Curating Young Thinking

What would a festival of writing, thought and creation, designed, curated and managed by young people be like? Reflections on the experience of Bivac.

Camping in the Pyrenees, 1910-1920

Camping in the Pyrenees, 1910-1920 | Ludovic Gaurier, Archives Toulouse | Public domain

Between December 2021 and March 2022, Ctrl+Z took place, a lab in which a group of young people came together at the CCCB to envisage a programme of thought that includes the approaches, reference points and concerns of young adults. Accompanied by La Sullivan, and in conversation with creators, programmers and thinkers from the city, the result has crystalised into Bivac. Festival of Young Thinking and Creation, which is being presented as part of the Biennial of Thought. We asked La Sullivan to share some thoughts, questions and provisional conclusions from this work process.

Like all projects, this one also started with a question: what would happen if a group of young people curated a festival of thought? In other words, what would change if young people were not passive recipients within a cultural institution, but agents who imagine, organise, formulate, decide and propose? This is was the basic premise of Ctrl+Z, a training workshop that brought together fifteen young people from various disciplines for more than seven months at the CCCB to design a writing festival and which, from the outset, questioned how it would be designed, by whom, and what direction it would take.

More than how we have worked – half of the project imagining and stirring up debate with the support of thinkers, curators and artists; the other half activating the process of producing the festival – the purpose of this article is to trace out the learning, the questions in progress and the provisional conclusions we have reached; to share the thought that we managed to generate, collectively, when the roles of those who produce knowledge were turned around and the dynamics of access to the management of knowledge were transformed. To put it as a question: why is it important that it should be young people who, today, structure the way in which thought is presented to the world? Which also means questioning who has the floor, how it is presented to the public, which themes are emphasised and which formats are prioritised.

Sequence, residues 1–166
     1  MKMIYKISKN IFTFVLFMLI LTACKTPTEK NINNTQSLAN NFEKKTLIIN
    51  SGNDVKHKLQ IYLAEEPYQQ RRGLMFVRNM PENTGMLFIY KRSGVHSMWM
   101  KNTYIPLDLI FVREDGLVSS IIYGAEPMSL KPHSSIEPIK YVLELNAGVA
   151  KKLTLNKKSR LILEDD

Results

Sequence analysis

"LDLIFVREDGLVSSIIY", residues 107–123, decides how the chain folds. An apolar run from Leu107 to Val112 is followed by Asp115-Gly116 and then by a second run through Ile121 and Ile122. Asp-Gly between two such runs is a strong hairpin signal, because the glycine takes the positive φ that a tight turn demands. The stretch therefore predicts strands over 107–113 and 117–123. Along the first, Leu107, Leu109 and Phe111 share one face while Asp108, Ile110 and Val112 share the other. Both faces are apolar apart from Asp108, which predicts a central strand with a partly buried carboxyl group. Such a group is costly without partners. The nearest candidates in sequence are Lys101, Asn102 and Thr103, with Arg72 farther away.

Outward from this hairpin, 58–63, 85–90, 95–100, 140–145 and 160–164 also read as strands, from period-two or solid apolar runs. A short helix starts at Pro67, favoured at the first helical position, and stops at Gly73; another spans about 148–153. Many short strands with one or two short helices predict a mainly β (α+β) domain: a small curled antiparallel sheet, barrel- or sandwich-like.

© Luca Calderó

© Luca Calderó

We can only answer this, however, by asking other questions. Three to start with: what do we want to think about? In what situations do we think? What relationships does thinking require? Three questions which, in fact, give rise to others: where can we think? Who do we think with? How do we think? When do we start thinking? And: what happens when we think? Firstly, though, there is one big question that is fundamental for a project like this: what does it mean to be young? The answer, at this point in time, is not at all clear (perhaps because being young is, above all, to ask oneself questions).